BREAKING: FDA approves Lilly blood-thinner prasugrel

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Eli Lilly and Co. finally won approval today from U.S. regulators to sell prasugrel, its highly anticipated blood thinner, according to Bloomberg News.

The U.S. Food and Drug Administration approved prasugrel to prevent blood clots when patients come in to receive stents or other coronary devices. The drug will have the trade name Effient.

After waiting a year longer than expected, Indianapolis-based Lilly has suffered a setback that likely will make the drug much less lucrative than analysts once anticipated.

Most analysts predict prasugrel sales will reach $900 million to $1.1 billion by the end of 2011, when its main rival Plavix will become available in much cheaper generic versions. Two years ago, analysts’ sales predictions were as much as 70 percent higher than they are now.

Lilly will book half to two-thirds of prasugrel sales, with the rest going to its development partner, Japan-based Daiichi Sankyo Co. Ltd.

“Because of the time and the way things have worked out, it’s just not going to be the driver that people thought it was going to be,” said Les Funtleyder, a health care analyst at Miller Tabak & Co. in New York. However, he added, “It’s still an important factor for Lilly, because it is a new drug that will generate revenue.”

Lilly needs new revenue fast because its bestseller, the antipsychotic Zyprexa, will face generic competition at the end of 2011. Lilly gets $4.7 billion a year, or 23 percent of its sales.

Prasugrel has been on sale in some European countries, under the name Efient, since early April. Lilly will report sales results of the drug on July 22.

Lilly tested prasugrel head-to-head against Plavix in a clinical trial. Prasugrel proved 19 percent more effective at preventing heart attacks and strokes, but it also caused a higher rate of serious bleeding, including more fatalities.

Plavix, made by New York-based Bristol-Myers Squibb Co. and France-based Sanofi Aventis SA, was second-best-selling drug in the world last year, racking up $9.4 billion.

Those double-edged results appeared to cause conflicting views among FDA staff members. In October, The Pink Sheet, a trade publication, reported that prausgrel had sparked a “serious internal disagreement” over whether to approve it.

Things seemed to tip in prasugrel’s favor in February when the FDA’s advisory committee of cardiology experts voted 9-0 to approve the drug. But then news surfaced that the FDA had removed a prasugrel critic from the panel after Lilly asked it to do so.

Consumer groups howled and asked for further delay so the incident could be investigated. They got no official word, but the approval process dragged on for another five months.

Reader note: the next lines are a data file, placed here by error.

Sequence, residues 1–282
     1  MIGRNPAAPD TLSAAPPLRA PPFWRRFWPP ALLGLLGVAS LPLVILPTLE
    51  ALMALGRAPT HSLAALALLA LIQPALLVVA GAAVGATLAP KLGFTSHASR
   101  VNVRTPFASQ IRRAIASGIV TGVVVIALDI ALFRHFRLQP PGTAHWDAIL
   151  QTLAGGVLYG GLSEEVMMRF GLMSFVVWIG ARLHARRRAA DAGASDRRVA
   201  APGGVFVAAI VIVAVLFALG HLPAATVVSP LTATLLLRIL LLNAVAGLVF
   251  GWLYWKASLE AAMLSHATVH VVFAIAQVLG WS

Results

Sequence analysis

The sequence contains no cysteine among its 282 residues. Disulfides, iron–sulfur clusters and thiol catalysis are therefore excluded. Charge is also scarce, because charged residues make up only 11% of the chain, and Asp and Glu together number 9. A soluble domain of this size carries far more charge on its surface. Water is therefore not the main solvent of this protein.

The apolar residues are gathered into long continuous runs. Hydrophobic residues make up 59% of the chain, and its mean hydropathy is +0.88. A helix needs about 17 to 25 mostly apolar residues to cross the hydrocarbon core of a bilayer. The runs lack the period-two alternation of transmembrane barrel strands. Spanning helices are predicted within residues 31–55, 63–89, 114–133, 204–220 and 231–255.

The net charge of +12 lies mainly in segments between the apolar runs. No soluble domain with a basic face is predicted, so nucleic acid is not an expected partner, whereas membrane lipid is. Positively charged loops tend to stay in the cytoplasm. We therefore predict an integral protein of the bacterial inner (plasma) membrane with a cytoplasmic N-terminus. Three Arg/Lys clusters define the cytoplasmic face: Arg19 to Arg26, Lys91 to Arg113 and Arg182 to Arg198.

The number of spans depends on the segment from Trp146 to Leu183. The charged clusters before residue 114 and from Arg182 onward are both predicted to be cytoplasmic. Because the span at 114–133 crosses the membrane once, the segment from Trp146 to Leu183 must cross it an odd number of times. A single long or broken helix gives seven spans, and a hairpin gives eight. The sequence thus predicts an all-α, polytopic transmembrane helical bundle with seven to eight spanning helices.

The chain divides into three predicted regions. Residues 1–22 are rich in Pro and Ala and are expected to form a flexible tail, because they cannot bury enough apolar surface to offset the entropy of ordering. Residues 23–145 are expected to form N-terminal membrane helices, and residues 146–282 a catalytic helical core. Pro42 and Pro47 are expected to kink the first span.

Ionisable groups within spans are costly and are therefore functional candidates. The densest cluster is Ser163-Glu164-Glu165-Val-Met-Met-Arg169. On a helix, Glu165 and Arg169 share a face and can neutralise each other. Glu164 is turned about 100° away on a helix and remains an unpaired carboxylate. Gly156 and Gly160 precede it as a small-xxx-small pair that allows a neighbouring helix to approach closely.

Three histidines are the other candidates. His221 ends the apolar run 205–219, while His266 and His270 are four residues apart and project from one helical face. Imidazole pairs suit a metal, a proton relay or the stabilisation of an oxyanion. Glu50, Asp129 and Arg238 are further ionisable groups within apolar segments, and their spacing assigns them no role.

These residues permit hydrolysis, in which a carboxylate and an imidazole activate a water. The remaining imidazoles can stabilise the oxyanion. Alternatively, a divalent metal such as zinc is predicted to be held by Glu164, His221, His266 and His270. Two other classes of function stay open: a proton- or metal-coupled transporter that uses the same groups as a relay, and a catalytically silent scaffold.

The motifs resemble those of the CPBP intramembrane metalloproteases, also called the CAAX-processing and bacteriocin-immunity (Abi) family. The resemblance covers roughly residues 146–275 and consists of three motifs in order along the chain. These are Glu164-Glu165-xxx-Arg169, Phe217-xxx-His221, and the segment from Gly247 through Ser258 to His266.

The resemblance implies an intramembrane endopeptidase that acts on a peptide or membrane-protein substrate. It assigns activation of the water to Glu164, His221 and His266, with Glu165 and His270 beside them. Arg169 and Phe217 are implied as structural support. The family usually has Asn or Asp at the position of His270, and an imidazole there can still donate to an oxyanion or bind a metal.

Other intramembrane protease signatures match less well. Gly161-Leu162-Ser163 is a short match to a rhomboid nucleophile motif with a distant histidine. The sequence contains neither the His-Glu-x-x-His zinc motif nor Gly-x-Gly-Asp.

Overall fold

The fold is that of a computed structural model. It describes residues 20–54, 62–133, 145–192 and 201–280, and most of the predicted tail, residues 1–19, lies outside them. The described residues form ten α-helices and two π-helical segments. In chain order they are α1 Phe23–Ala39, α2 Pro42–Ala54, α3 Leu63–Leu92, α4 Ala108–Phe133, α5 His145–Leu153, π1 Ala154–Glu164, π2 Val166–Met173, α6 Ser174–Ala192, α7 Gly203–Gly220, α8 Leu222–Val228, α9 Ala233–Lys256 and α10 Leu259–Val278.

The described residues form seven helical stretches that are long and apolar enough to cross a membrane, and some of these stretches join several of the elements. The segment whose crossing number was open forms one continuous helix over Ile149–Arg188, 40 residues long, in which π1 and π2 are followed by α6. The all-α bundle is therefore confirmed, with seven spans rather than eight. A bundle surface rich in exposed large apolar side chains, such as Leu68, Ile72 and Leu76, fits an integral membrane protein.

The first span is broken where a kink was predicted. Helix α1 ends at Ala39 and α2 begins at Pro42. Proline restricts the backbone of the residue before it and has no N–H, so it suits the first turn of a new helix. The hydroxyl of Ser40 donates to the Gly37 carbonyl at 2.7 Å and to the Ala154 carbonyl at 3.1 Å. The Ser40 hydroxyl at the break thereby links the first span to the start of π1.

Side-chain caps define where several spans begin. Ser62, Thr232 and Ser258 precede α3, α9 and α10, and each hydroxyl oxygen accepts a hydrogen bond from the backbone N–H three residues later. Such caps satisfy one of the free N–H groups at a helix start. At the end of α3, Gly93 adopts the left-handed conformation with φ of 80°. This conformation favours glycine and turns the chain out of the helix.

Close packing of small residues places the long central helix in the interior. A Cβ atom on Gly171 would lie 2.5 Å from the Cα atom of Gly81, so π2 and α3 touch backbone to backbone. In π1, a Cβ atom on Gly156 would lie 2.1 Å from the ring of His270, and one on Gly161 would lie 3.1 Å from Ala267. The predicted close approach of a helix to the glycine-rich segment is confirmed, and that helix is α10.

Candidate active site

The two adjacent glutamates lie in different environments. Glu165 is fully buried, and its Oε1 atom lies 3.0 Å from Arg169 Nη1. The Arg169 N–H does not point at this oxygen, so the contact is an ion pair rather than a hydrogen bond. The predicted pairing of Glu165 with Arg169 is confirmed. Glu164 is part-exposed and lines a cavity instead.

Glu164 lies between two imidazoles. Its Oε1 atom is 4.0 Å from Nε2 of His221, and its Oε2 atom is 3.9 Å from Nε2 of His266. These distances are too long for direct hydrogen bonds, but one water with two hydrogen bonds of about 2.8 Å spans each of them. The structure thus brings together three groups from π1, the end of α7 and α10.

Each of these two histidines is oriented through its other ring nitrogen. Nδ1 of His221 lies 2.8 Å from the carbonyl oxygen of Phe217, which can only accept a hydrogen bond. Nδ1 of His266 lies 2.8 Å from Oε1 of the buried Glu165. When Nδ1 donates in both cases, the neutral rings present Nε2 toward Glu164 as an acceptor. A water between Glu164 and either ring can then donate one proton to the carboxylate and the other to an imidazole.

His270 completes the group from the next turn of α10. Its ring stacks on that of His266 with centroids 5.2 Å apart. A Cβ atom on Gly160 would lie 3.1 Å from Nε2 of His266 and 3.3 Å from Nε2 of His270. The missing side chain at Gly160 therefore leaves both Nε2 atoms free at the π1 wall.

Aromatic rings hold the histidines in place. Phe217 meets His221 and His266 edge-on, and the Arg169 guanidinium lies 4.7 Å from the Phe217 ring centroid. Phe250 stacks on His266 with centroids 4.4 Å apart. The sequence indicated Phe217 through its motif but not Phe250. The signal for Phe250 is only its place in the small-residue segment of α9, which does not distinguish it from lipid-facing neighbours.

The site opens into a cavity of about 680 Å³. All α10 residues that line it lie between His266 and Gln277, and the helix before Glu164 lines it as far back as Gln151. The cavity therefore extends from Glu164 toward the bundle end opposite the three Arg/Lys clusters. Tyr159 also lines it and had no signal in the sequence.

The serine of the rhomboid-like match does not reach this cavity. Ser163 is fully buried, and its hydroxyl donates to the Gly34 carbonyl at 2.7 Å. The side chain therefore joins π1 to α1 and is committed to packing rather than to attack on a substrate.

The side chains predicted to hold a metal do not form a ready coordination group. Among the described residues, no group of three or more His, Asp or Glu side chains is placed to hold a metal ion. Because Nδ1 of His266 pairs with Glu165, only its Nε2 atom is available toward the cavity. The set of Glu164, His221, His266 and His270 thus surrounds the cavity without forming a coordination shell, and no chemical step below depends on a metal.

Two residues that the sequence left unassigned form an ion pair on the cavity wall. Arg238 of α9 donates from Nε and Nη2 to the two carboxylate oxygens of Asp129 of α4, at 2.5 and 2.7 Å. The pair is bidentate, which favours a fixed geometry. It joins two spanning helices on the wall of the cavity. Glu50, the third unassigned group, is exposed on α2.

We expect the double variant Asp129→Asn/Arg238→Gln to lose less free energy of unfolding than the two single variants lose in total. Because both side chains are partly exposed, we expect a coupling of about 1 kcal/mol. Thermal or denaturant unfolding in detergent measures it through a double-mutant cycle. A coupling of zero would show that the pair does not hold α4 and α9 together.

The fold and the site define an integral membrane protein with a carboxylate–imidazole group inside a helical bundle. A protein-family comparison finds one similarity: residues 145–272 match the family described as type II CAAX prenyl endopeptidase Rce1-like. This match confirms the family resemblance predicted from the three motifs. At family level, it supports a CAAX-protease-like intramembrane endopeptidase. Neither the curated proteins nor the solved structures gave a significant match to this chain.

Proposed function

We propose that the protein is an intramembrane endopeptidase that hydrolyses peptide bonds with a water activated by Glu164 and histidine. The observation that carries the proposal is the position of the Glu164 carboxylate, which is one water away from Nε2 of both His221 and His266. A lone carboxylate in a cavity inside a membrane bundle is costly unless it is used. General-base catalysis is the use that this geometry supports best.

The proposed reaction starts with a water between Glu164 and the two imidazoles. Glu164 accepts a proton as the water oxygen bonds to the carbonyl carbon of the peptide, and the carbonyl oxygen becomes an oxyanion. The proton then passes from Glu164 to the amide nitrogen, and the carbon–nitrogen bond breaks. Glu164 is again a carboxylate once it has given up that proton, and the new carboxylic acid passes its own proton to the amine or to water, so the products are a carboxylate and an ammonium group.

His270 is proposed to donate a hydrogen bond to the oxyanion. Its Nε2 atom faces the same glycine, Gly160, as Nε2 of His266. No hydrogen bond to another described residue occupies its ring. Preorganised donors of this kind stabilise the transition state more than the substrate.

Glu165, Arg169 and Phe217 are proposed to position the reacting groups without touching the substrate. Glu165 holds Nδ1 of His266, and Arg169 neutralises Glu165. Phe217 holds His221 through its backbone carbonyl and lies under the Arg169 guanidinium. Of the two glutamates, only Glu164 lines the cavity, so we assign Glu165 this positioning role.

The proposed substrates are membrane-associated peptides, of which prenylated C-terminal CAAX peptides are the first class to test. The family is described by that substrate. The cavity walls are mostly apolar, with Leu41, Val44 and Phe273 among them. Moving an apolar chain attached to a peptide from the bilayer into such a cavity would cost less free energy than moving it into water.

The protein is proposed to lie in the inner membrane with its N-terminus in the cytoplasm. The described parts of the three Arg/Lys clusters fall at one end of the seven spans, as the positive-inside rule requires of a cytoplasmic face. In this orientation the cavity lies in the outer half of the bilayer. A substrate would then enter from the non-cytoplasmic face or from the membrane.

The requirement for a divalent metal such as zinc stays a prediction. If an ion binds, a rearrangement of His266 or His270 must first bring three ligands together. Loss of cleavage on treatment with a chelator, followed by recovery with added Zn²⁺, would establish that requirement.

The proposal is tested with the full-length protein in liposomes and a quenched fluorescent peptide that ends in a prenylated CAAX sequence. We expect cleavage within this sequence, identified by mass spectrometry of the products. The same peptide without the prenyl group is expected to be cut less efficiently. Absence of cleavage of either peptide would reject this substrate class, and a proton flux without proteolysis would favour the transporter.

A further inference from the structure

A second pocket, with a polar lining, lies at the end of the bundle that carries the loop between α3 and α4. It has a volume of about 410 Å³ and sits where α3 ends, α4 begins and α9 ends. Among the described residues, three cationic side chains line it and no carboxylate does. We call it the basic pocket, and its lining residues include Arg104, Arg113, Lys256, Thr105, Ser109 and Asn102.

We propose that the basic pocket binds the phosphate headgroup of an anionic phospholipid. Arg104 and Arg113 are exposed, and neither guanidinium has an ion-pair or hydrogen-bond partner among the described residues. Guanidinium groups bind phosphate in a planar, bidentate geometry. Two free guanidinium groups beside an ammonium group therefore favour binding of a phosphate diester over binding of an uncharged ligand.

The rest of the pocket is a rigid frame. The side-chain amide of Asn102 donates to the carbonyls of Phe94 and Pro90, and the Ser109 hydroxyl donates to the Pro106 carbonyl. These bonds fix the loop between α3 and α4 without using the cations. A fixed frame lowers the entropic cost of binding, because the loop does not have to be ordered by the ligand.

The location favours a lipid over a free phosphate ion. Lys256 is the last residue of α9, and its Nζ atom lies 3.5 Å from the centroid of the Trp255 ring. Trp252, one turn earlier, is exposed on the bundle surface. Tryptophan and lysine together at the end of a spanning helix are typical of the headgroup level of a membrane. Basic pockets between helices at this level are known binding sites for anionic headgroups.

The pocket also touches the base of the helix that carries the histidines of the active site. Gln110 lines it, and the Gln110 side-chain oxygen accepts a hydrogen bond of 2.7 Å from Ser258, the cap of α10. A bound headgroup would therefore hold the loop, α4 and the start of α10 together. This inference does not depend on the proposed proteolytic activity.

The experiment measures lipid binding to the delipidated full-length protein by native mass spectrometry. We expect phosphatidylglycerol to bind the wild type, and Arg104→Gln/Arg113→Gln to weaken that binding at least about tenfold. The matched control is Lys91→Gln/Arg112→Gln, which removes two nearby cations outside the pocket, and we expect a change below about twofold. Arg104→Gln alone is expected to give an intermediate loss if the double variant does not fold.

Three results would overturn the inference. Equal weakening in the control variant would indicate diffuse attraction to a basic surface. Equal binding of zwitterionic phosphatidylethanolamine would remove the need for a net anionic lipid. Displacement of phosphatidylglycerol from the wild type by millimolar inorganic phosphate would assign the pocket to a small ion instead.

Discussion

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  1. to mention the rest of Molly's experience- she served as Communications Director for the Indianapolis Department of Public Works and also did communications for the state. She's incredibly qualified for this role and has a real love for Indianapolis and Indiana. Best of luck to her!

  2. Shall we not demand the same scrutiny for law schools, med schools, heaven forbid, business schools, etc.? How many law school grads are servers? How many business start ups fail and how many business grads get low paying jobs because there are so few high paying positions available? Why does our legislature continue to demean public schools and give taxpayer dollars to charters and private schools, ($171 million last year), rather than investing in our community schools? We are on a course of disaster regarding our public school attitudes unless we change our thinking in a short time.

  3. I agree with the other reader's comment about the chunky tomato soup. I found myself wanting a breadstick to dip into it. It tasted more like a marinara sauce; I couldn't eat it as a soup. In general, I liked the place... but doubt that I'll frequent it once the novelty wears off.

  4. The Indiana toll road used to have some of the cleanest bathrooms you could find on the road. After the lease they went downhill quickly. While not the grossest you'll see, they hover a bit below average. Am not sure if this is indicative of the entire deal or merely a portion of it. But the goals of anyone taking over the lease will always be at odds. The fewer repairs they make, the more money they earn since they have a virtual monopoly on travel from Cleveland to Chicago. So they only comply to satisfy the rules. It's hard to hand public works over to private enterprise. The incentives are misaligned. In true competition, you'd have multiple roads, each build by different companies motivated to make theirs more attractive. Working to attract customers is very different than working to maximize profit on people who have no choice but to choose your road. Of course, we all know two roads would be even more ridiculous.

  5. The State is in a perfect position. The consortium overpaid for leasing the toll road. Good for the State. The money they paid is being used across the State to upgrade roads and bridges and employ people at at time most of the country is scrambling to fund basic repairs. Good for the State. Indiana taxpayers are no longer subsidizing the toll roads to the tune of millions a year as we had for the last 20 years because the legislature did not have the guts to raise tolls. Good for the State. If the consortium fails, they either find another operator, acceptable to the State, to buy them out or the road gets turned back over to the State and we keep the Billions. Good for the State. Pat Bauer is no longer the Majority or Minority Leader of the House. Good for the State. Anyway you look at this, the State received billions of dollars for an assett the taxpayers were subsidizing, the State does not have to pay to maintain the road for 70 years. I am having trouble seeing the downside.